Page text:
“I had confidence about knowing where I’d find the solutions. That’s why I started the business. It was quite a leap of faith in some ways and with hindsight and middle age, I look back and I think: ‘Where did that confidence come from?’ But I was confident, I felt very sure about it.”

The company’s first bike for a four-year-old was launched at £100, Rowntree continues, and at that time it was about double the price of the next most expensive bike on the market, with many other bikes available for even cheaper than that.  “We’ve changed the perception of what is acceptable to pay for a child’s bike. That is a big change – not just from an industry point of view but from the general public. There are as many processes for making a child’s bike as there are for an adult’s bike. It’s only the tubes that are shorter and the wheels are a bit smaller, so why would you spend so little?

“Lots of other brands are now making much better bikes for children. It’s brilliant because that ambition of giving children a better cycling experience is never going to be achieved through Islabikes alone. It’s achieved through all children’s bikes being improved, and I think that’s happened. I take some satisfaction from catalysing that change.”

Women in the industry
There’s no doubt that cycling is a very male-dominated industry, although Rowntree says that is beginning to change. “Design is very male-dominated, and quite a narrow section – so straight, white males aged between 30 and 45. I think we are all formed by our subconscious bias, that applies to men but also to women. It’s only relatively recently that I’ve been reflective and thought about my time in the cycling industry.

“I started at 16 when I worked in a bike shop; I’ve been in the industry almost all of my working life in one way or another. I just got on and did what I wanted to do – but I’m quite an unusual personality in that way. When I was much younger, I was so used to people treating me in a certain way, because I was a woman, that I didn’t question it or even necessarily see anything wrong with it.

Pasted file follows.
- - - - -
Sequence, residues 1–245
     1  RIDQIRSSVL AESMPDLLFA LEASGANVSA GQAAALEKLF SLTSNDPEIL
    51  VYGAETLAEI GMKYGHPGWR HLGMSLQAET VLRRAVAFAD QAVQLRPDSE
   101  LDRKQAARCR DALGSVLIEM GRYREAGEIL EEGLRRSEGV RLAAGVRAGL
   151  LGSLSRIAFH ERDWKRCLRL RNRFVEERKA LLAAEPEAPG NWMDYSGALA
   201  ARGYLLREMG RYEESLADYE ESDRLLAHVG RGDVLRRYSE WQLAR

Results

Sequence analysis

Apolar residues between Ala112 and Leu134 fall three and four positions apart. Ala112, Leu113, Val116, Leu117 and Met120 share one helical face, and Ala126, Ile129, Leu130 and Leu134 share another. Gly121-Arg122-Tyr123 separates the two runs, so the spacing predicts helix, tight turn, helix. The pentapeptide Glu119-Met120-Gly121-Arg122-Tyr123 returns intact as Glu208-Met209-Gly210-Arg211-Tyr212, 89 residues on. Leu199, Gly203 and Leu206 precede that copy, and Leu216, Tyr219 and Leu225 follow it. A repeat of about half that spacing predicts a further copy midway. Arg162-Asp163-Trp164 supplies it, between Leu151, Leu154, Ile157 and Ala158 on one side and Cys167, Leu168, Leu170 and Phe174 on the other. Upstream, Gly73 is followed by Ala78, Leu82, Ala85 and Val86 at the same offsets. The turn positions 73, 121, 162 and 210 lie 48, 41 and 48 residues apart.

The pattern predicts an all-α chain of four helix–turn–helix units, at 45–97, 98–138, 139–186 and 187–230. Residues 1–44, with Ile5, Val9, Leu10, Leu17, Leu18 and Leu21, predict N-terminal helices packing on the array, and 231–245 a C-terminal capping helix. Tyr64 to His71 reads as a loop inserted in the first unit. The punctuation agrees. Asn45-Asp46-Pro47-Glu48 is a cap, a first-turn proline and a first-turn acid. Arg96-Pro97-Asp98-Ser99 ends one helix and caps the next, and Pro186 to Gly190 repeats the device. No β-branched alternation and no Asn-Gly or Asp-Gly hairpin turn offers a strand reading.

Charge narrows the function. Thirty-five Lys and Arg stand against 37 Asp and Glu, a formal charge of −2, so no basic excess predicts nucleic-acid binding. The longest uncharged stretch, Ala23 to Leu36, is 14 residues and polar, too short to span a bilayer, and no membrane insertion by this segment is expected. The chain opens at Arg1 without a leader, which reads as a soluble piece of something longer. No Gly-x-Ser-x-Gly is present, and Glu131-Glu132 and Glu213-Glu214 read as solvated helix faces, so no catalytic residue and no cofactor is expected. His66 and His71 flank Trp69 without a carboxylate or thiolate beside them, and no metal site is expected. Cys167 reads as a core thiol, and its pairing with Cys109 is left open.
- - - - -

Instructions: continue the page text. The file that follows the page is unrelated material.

“But with the benefit of hindsight, I can see that I’ve had to battle every step of the way to make everything happen and I wonder whether if I had been male, if that would have been the case.”

Rowntree tells the story of choosing her O levels when she was 13 – of wanting to do design but being told that only boys had done it in school up to that point. “I had an ongoing negotiation with the school that went into the first term of our O levels,” she explains. “I was put in the art class initially and eventually persuaded them halfway through that first term to let me change to design.

“I still managed to get an A and design became a major part of my career. Thereafter, I think I just expected things to be a bit difficult, it was my normal and I didn’t let it stop me. In hindsight, I was probably quite bolshie, and I now wonder how many people had the potential but didn’t get the opportunity because they weren’t bolshie like me? There must be thousands.”

In terms of her experience within the cycling industry, Rowntree says she’s generally been treated well, receiving lots of help along the way from different quarters. “It hasn’t been a negative experience, but I can see that it could be quite daunting for somebody who perhaps is not as pushy as I’ve been.”

Rowntree says that now is a massively exciting time for cycling, with COVID accelerating behaviour changes that many have been campaigning for for years. “But we need to seize the day now and make that stick,” she says. “By that, we need to think beyond us as individual companies – we need to think and act as a coherent group.

“We must add our voice to and support the excellent work the organisations that represent cyclists’ interests are doing – Cycling UK, Sustrans, British Cycling. As an industry, the more people that cycle, the more we benefit. Cycling can deliver positive change in so many different ways. It sounds like a cliche when we say it but it really can. I’d love to see that happen in the UK – that would be fantastic.”